A drug trade superpower is born
Joaquin Archivaldo Guzman Loera, known as "El Chapo," was born in La Tuna, Badiraguato, Sinaloa, Mexico sometime in the 1950s. (Officials have released conflicting birth dates). In the 1970s, Guzman began his life of organized crime, working for prominent drug lords including Miguel Angel Felix Gallardo, the leader of the Guadalajara cartel, who recruited Guzman in the 1980s.
El Chapo climbs the ranks
Guzman's mentor Felix Gallardo was arrested in 1989. At the time of his arrest, the powerful, sprawling Guadalajara Cartel was being split into individually-controlled factions. The faction under Guzman's control became the Sinaloa Cartel, which in the ensuing years moved billions upon billions of dollars in marijuana, cocaine and heroin. It is during this time that Guzman's activities were first detected by the United States.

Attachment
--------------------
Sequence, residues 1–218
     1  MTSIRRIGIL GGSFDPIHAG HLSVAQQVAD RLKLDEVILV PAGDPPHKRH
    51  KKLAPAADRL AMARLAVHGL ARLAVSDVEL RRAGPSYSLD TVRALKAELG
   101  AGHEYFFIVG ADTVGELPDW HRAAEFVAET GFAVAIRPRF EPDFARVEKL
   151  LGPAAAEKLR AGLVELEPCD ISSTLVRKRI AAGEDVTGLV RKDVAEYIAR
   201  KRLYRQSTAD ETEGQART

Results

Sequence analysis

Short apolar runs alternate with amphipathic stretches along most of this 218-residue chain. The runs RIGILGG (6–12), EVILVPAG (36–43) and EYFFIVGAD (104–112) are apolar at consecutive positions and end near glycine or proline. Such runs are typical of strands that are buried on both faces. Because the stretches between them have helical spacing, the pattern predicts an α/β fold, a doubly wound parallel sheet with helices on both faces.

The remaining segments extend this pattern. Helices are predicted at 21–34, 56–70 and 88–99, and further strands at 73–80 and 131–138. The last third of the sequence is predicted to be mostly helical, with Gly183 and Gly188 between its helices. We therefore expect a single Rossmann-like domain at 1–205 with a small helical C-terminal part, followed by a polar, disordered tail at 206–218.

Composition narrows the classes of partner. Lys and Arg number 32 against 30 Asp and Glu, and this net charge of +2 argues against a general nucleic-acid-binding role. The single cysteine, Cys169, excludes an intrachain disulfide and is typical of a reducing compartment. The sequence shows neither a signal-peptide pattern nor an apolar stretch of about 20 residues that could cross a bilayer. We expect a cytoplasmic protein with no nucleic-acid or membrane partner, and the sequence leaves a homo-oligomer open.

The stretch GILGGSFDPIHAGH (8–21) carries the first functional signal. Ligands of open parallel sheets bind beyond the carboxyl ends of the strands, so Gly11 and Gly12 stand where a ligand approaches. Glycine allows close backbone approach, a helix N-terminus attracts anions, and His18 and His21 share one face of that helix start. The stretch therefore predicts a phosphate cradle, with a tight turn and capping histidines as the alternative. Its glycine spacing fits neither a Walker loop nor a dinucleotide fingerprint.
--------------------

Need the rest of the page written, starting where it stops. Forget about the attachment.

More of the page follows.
El Chapo becomes famous
Years of warring between the Sinaloa and Tijuana Cartels came to a violent head in May of 1993 when gunmen from the Tijuana cartel opened fire on a car near the Guadalajara International Airport. They believed Guzman was hiding in the car, but it was actually Juan Jesus Posadas Ocampo, the Cardinal and Archbishop of Guadalajara.
Following Posadas Ocampo's death, the Mexican government launched a manhunt to find his killers. In the process, pictures of Guzman were widely publicized for the first time. This public "outing" forced Guzman to flee to Guatemala. He reportedly paid a $1.2 million bribe to the Guatemalan military to protect him.
His luck runs out
In June 1993, Guzman was located and arrested by Guatemalan authorities near the Mexico-Guatemala border. While in prison, he bribed security guards for special treatment, took a mistress and continued to seamlessly oversee the workings of the Sinaloa Cartel. During this time, the Sinaloa Cartel expanded its influence into the trafficking of methamphetamine.